Like my Bibliomania tablet, I started this before the Era of Wet Wool.
Here is the shape of the North American Continent. With satellite images, it's possible to see the reality of land mass and surrounding water. Early explorers, and cartographers, had a much tougher job, and made some understandable mistakes and some wild leaps of imagination.
For example, this early French map shows a huge inland sea.
Several early maps show California as a large island.
This one just squashes things together, allowing the Great Lakes to touch Florida.
Early map-makers tried to pin down this big unknowable continent with lines and names. Just draw those territories up to the top!
Or continue the lines straight out to that enormous river - the one that's so big you can't see to the other side. Of course, as these lines were drawn and re-drawn, very little attention was paid to the people already living here, and any territorial assumptions that they might have. The earliest map showing Native Americans that I could find was from 1887:
Yeah, it's impossible to read, but it seems to be showing an area we now label Oklahoma. The one below is from 1909.
In addition to demarcating people out of their land, we linguistically evicted them, writing their names as we saw fit. Recently, there has been a move to find and use the original names, as on this map:
So...for the tablet. I took the shape of the continent, and added as many of the original tribal names as I could fit, and printed it out on cloth:
Hmm: can't find a photo of the whole tablet with just dye. But this one, below, gives you an idea of the dye colors I painted:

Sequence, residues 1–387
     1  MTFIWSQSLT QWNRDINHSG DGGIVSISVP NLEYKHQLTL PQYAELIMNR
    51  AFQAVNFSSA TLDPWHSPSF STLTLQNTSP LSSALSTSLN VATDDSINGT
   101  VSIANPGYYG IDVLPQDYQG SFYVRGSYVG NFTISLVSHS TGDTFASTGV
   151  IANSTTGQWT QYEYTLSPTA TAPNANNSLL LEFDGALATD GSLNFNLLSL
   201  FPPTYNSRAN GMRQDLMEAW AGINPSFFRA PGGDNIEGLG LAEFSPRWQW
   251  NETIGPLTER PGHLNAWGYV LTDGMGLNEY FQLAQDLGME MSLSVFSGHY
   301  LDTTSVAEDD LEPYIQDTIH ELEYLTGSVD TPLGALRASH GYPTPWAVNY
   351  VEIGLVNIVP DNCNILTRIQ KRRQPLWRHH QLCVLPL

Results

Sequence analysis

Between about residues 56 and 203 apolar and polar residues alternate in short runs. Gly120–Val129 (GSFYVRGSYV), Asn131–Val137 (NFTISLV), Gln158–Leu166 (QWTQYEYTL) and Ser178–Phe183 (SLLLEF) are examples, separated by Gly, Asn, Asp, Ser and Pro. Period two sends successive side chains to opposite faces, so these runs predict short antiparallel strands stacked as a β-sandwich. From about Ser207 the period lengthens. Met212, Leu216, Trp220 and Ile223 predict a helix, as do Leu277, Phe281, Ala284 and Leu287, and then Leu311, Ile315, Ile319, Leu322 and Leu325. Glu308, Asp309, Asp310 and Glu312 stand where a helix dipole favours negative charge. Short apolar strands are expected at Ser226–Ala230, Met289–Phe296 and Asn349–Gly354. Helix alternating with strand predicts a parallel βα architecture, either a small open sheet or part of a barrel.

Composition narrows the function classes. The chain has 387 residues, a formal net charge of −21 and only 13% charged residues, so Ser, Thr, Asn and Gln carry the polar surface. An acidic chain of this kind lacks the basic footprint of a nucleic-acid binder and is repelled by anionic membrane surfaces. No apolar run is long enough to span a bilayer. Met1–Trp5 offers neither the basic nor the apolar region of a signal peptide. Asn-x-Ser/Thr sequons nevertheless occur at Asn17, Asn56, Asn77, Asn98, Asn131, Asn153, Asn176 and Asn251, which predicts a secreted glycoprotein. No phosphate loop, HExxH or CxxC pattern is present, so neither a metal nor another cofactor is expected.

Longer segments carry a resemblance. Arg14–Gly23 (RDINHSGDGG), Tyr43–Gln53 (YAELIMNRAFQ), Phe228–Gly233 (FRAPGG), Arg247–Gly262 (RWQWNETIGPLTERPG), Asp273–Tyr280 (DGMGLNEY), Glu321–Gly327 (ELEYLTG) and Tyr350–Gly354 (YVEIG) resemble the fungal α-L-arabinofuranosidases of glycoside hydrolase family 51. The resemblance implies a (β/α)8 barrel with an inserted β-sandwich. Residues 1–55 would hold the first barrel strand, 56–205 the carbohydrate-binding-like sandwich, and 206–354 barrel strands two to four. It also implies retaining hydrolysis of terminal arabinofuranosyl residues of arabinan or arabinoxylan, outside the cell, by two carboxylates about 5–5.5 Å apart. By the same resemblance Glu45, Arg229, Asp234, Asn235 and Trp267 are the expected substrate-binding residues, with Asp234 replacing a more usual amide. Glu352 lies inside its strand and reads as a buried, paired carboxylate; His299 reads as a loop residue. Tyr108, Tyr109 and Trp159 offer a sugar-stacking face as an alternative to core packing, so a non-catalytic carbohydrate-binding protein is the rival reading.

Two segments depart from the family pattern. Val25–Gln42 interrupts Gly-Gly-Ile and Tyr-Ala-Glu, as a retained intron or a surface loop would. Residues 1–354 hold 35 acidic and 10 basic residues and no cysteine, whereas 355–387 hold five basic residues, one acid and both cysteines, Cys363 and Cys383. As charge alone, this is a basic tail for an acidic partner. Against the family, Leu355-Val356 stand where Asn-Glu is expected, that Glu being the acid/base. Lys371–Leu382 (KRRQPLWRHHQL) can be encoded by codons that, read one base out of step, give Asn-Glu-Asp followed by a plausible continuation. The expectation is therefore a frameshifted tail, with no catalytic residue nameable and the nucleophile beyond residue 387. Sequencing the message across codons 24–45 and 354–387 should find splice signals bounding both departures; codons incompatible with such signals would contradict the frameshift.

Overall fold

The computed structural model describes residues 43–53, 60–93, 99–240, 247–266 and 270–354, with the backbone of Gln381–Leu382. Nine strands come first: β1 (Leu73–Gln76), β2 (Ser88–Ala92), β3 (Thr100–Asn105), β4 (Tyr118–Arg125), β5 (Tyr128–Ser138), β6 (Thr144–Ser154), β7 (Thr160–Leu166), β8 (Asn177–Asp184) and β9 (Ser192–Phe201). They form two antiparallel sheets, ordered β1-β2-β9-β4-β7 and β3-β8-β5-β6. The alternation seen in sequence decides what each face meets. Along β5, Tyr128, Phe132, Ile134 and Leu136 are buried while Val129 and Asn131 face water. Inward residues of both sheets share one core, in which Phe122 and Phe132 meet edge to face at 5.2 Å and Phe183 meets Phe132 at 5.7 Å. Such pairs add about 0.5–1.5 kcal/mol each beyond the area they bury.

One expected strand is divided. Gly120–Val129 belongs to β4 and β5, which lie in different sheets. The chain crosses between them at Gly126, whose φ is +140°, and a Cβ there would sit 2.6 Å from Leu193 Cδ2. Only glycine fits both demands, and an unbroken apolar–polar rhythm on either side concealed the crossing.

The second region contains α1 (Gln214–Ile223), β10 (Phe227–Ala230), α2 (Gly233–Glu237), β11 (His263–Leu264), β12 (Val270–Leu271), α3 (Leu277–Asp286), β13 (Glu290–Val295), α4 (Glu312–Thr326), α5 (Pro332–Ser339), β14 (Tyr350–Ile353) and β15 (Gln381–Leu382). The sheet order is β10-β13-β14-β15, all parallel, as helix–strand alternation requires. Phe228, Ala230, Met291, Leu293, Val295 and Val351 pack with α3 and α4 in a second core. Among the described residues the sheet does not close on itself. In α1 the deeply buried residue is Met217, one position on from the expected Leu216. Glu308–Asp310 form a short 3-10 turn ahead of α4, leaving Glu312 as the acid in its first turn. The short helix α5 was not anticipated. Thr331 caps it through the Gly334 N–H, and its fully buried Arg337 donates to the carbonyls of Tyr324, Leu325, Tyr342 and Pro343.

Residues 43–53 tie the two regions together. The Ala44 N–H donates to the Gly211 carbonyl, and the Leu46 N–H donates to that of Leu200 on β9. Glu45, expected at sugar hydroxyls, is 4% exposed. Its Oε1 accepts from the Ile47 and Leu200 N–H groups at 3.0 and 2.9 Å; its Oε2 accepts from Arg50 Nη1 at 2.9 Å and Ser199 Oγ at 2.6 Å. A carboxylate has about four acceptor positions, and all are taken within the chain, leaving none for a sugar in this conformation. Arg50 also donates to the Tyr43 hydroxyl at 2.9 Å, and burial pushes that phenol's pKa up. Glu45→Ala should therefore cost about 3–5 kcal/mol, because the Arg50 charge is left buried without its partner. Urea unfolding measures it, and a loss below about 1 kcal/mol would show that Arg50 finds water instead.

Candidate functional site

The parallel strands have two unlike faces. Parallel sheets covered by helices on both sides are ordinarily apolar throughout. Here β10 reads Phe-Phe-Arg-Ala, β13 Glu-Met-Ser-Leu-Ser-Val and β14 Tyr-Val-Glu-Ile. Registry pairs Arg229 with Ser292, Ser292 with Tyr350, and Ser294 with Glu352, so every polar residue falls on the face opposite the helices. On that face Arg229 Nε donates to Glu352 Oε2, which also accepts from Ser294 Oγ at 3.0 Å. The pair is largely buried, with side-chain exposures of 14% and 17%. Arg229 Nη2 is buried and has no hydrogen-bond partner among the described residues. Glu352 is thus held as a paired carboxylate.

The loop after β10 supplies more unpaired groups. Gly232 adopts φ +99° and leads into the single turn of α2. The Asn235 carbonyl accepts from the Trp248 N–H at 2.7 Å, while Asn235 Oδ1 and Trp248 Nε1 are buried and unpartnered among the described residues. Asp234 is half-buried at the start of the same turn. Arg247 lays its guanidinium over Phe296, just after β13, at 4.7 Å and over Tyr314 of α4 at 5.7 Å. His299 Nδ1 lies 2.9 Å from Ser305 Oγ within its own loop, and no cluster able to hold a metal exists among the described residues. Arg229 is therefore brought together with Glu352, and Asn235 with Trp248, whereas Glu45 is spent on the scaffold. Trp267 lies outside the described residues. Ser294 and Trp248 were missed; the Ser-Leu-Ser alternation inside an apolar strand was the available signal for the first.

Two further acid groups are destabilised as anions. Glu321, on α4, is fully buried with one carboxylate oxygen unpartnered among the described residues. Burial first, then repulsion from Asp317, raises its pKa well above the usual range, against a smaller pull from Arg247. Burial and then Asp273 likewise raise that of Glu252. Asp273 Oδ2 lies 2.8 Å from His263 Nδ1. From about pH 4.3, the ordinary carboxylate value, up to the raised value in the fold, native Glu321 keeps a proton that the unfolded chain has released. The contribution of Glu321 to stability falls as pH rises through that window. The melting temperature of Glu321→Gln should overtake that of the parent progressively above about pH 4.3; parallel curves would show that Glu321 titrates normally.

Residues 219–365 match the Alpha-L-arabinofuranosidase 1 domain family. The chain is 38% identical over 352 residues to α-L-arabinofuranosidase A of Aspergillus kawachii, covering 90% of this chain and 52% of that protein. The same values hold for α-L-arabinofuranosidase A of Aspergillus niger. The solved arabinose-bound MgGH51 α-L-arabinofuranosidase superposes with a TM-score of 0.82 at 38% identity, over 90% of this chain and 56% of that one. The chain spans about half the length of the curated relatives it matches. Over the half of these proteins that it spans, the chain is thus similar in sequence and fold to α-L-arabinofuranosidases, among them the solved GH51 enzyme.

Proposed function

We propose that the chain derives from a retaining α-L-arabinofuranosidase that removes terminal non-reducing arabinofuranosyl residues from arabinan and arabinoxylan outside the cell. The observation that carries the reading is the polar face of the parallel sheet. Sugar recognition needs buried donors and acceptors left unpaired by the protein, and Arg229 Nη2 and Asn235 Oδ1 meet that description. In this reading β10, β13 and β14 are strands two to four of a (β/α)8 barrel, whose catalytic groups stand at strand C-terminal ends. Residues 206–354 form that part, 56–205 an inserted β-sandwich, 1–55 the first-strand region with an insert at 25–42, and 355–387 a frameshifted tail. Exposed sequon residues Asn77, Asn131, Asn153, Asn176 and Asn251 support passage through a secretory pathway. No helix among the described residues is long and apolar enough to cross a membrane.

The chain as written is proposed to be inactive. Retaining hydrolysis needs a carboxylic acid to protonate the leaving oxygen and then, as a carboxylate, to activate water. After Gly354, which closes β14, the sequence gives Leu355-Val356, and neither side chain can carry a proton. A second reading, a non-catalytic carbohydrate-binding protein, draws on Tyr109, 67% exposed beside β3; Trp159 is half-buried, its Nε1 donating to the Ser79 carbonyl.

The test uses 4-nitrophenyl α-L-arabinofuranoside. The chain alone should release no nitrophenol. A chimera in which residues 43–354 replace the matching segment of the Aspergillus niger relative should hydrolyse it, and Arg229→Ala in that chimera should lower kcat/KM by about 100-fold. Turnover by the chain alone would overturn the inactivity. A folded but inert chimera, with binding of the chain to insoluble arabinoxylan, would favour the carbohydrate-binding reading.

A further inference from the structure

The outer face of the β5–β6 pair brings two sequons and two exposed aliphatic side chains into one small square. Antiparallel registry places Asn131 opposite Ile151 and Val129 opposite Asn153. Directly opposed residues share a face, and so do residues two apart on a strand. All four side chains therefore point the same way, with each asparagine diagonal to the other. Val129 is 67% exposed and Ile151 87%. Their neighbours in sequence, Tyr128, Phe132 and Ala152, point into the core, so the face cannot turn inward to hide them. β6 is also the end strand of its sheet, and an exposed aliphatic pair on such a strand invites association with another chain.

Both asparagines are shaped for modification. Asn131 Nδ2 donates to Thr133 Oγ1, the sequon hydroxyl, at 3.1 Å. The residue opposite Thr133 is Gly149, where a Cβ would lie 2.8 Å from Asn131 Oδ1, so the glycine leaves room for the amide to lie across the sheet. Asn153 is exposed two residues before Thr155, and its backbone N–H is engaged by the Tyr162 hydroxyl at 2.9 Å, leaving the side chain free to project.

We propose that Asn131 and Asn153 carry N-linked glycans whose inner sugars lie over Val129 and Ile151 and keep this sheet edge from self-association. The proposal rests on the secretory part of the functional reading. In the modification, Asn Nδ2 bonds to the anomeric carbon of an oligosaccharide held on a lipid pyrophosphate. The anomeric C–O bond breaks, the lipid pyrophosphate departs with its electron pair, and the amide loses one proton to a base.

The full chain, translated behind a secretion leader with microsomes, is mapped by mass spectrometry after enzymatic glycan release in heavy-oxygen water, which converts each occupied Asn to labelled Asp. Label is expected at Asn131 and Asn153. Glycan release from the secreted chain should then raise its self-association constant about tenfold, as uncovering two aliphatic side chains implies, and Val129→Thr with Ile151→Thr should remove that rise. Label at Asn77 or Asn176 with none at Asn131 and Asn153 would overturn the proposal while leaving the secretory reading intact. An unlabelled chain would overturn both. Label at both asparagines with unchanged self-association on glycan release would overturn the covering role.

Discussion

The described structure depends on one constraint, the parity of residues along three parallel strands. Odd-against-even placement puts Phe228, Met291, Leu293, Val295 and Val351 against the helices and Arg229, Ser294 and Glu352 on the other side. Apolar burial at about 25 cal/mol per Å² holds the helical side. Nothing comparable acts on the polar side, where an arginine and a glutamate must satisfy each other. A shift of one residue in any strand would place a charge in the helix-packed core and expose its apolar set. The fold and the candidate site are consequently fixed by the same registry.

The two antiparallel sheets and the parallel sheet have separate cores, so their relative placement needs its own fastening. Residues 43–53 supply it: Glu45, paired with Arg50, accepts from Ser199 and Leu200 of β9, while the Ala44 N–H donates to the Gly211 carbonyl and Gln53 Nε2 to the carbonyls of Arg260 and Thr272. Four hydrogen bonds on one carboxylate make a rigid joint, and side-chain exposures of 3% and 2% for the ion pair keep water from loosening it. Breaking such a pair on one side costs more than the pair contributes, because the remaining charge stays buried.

The pink lines are the basting threads holding it to the backing material.
I embroidered the names using the same colors as the land, to show the connection between people and place.
And here's where I am today. The names of the tribal nations have all been embroidered, and very much fit into the shape of the continent, just as I envisioned. And I've started over-sewing the colonial-era map lines (the needle with purple thread is still there). I even figured out a nice map border. Just not completely sure how to finish off those lines. Should I extend them over the water to stitched dates? Add more lines (which would be accurate but muddle it visually? Not sure.
Now, at this point in the post, I'm scheduled to show you a finished, properly photographed piece of art. But my art isn't running on schedule. I've printed out 3 new tablets and have them beautifully dye painted (such gorgeous rich colors!) so I can have them ready to carry along and stitch while I'm in Seattle. But - like with the Bibliomania tablet in my last post - getting this finished isn't a priority right now.